(Reuters) — California Gov. Jerry Brown on Thursday proposed a funding increase for the state attorney general to create more than 30 new positions dedicated to combating President Donald Trump's policies.
Democratic attorneys general in states across the country have assumed lead roles in opposing some of the Republican president's agenda. State attorneys general in Washington and Hawaii successfully sued to block Trump's Muslim bans, and California attorney general Xavier Becerra has pledged to defend the state's environmental standards and health care access.
Brown has been particularly outspoken against Trump's policies. In budget revisions released on Thursday, Brown's office proposed a $6.5 million increase for California's Department of Justice, enough to fund 31 positions to address "various actions taken at the federal level that impact public safety, healthcare, the environment, consumer affairs and general constitutional issues."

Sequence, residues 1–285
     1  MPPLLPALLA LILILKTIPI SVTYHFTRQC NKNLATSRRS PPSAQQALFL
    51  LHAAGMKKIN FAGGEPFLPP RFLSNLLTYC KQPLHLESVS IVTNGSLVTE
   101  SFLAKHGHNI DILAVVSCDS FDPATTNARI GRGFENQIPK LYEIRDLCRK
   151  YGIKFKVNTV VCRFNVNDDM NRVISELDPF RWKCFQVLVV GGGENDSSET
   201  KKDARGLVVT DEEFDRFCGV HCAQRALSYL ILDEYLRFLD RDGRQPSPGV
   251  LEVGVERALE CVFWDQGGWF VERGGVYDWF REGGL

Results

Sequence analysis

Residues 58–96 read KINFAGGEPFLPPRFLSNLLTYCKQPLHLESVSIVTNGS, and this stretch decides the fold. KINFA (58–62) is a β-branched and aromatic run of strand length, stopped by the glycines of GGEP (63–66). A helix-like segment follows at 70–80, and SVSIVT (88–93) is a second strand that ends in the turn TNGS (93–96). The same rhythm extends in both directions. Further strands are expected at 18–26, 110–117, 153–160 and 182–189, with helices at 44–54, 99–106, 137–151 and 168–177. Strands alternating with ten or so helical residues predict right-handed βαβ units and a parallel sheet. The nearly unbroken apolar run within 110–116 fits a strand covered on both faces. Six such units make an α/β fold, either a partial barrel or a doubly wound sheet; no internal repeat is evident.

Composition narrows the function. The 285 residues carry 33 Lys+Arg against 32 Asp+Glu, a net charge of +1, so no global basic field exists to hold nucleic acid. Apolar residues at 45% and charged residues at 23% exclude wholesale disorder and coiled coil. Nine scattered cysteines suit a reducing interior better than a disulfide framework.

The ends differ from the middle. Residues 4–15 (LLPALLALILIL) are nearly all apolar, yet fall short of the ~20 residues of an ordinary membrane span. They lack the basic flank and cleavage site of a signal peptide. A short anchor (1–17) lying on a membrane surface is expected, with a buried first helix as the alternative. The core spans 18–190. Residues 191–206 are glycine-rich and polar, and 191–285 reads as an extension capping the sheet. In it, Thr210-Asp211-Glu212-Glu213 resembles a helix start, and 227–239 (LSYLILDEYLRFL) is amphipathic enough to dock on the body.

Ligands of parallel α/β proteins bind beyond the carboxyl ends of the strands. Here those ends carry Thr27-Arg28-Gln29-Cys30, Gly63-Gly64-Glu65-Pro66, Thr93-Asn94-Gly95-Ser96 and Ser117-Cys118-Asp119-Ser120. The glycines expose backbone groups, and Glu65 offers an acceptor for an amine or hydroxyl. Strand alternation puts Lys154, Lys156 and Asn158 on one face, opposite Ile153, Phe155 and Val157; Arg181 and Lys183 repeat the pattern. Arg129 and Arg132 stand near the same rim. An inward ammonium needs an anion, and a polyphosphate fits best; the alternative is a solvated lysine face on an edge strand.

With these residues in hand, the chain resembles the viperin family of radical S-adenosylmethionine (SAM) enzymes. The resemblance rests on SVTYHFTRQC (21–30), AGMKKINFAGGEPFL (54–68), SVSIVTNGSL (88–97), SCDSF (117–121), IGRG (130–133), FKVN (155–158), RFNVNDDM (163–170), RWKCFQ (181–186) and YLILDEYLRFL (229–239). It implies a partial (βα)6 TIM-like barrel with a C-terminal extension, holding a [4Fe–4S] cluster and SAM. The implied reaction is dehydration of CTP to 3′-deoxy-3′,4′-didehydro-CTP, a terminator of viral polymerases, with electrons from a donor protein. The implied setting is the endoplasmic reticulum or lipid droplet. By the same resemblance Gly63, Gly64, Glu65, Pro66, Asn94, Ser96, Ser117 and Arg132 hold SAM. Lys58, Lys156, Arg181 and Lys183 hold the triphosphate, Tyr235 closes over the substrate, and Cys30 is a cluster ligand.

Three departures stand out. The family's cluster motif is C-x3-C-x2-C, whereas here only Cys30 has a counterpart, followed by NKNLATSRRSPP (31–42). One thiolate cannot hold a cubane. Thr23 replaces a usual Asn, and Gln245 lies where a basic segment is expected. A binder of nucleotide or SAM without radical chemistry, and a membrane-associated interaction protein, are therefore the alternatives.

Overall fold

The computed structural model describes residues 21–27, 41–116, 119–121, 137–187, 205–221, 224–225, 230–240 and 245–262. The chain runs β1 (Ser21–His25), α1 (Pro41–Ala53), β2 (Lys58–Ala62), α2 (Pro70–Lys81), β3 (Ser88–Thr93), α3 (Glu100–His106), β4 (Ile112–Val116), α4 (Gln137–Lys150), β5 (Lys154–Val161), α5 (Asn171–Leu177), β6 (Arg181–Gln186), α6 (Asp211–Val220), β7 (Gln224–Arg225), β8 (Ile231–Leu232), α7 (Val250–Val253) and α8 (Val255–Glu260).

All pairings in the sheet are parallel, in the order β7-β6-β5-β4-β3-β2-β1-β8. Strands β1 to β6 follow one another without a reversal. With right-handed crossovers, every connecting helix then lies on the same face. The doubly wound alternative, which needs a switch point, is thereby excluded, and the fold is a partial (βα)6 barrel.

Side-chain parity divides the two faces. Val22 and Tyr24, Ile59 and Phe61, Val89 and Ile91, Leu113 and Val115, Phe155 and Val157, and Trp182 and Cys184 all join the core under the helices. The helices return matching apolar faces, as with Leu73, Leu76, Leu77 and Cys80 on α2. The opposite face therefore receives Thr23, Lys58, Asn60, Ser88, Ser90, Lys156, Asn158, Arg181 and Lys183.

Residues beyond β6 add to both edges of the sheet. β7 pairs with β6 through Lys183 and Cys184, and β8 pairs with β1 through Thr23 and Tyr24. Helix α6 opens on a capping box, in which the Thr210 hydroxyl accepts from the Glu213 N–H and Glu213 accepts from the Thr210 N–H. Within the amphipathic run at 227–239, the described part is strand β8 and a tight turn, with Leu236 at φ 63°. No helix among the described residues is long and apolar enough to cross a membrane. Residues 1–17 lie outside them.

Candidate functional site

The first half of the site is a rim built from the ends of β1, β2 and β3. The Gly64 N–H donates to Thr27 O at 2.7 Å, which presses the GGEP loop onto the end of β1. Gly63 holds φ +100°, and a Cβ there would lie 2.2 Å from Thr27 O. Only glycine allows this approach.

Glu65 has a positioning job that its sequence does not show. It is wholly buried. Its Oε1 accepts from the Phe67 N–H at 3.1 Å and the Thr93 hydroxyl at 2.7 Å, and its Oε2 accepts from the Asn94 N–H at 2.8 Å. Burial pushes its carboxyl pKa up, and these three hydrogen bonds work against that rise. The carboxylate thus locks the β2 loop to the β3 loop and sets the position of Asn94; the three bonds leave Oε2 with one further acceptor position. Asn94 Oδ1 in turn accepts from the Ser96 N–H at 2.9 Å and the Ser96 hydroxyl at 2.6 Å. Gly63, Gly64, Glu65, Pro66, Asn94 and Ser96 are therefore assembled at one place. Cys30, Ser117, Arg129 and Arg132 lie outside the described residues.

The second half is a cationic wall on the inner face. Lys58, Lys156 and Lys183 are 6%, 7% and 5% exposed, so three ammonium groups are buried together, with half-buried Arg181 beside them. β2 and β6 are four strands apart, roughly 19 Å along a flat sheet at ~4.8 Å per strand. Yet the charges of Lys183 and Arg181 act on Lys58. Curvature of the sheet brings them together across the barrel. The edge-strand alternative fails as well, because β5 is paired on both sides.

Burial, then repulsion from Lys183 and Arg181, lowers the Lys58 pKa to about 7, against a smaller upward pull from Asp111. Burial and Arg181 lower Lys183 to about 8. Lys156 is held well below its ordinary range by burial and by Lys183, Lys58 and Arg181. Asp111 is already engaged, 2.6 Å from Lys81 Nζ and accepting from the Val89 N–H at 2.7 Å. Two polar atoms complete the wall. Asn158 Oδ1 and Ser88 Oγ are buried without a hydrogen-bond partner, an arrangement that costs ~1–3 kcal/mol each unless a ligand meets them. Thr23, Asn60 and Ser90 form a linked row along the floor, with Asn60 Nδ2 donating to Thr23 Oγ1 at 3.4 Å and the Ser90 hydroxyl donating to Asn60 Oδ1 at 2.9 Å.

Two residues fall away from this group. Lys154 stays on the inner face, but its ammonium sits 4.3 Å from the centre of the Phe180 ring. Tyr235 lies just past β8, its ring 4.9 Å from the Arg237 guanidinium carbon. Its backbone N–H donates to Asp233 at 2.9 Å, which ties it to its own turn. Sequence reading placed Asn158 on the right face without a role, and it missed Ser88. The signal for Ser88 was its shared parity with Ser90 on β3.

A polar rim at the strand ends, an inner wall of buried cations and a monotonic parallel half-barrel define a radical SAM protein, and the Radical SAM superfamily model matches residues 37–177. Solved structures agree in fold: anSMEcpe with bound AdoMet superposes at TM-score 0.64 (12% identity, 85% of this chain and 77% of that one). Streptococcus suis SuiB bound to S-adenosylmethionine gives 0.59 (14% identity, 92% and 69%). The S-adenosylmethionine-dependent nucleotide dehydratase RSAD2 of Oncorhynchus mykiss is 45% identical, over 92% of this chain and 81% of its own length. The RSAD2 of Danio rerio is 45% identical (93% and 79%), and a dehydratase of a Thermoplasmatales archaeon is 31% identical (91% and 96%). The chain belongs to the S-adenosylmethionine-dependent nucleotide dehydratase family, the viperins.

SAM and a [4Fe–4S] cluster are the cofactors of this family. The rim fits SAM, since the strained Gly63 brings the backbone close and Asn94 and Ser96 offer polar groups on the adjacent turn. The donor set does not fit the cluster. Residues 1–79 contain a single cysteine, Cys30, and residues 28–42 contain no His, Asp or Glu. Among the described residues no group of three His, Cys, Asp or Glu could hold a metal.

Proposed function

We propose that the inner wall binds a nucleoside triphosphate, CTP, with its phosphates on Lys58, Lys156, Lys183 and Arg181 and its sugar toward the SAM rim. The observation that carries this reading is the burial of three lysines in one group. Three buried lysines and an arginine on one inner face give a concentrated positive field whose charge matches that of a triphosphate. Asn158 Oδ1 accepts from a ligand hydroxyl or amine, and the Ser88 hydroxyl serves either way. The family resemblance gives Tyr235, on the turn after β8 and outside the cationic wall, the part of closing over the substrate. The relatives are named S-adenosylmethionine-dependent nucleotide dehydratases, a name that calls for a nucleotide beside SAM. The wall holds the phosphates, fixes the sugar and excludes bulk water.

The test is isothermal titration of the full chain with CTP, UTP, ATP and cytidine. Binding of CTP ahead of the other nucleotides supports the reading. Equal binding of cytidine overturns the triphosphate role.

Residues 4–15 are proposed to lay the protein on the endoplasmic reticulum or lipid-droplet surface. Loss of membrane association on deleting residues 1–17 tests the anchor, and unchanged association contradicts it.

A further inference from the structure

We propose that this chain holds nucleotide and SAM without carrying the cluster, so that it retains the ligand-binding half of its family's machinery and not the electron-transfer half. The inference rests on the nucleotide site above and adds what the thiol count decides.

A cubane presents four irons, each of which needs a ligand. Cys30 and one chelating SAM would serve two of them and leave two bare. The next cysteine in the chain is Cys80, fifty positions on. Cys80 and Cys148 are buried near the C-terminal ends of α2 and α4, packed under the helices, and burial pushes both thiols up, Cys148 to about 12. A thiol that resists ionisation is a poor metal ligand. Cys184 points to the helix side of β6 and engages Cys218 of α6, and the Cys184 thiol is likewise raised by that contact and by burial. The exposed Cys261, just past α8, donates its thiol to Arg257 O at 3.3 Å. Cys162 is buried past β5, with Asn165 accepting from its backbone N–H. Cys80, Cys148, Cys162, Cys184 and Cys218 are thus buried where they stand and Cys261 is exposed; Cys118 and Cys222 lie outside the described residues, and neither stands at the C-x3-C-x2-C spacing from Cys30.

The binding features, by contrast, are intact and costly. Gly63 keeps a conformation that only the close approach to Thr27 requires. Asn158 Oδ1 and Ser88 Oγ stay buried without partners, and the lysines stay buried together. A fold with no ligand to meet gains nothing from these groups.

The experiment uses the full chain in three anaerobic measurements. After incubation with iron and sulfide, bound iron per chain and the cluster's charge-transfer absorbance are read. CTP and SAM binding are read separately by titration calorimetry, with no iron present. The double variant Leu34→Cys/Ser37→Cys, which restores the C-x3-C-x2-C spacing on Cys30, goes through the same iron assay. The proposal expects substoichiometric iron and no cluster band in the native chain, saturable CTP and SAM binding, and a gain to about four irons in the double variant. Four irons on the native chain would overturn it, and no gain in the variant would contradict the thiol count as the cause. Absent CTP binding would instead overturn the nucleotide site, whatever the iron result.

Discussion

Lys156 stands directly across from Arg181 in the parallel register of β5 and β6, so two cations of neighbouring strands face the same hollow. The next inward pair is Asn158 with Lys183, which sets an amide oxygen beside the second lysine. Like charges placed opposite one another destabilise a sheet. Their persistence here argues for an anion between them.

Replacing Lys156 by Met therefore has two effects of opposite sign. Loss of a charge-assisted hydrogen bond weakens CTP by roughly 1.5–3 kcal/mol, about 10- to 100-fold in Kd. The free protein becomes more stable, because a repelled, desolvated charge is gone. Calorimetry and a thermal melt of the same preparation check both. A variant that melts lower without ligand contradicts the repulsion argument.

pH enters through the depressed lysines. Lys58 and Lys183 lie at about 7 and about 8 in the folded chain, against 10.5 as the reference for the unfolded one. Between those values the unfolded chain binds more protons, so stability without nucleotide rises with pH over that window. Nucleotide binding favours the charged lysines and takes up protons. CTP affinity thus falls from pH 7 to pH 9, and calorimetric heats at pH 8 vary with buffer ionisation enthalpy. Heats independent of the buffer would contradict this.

The department has expended over 11,000 hours of legal work in response to federal issues since Trump's inauguration in January, according the governor's office.
Brown's proposals would have to be approved by California's legislature, which is dominated by Democrats.
At a press conference, Brown repeatedly expressed the need to fight the Trump administration on health care reforms under discussion in Washington. The potential loss of funds for the state's Medicaid program alone would be enough to fund the University of California system for a year, Brown said.
Given that backdrop, Brown said Becerra deserves "some latitude" in pursuing litigation.
A spokeswoman for Becerra could not immediately be reached for comment.
Brown's budget also proposed a $15 million increase to expand legal services for immigrants seeking assistance securing legal status in the United States and fighting deportation.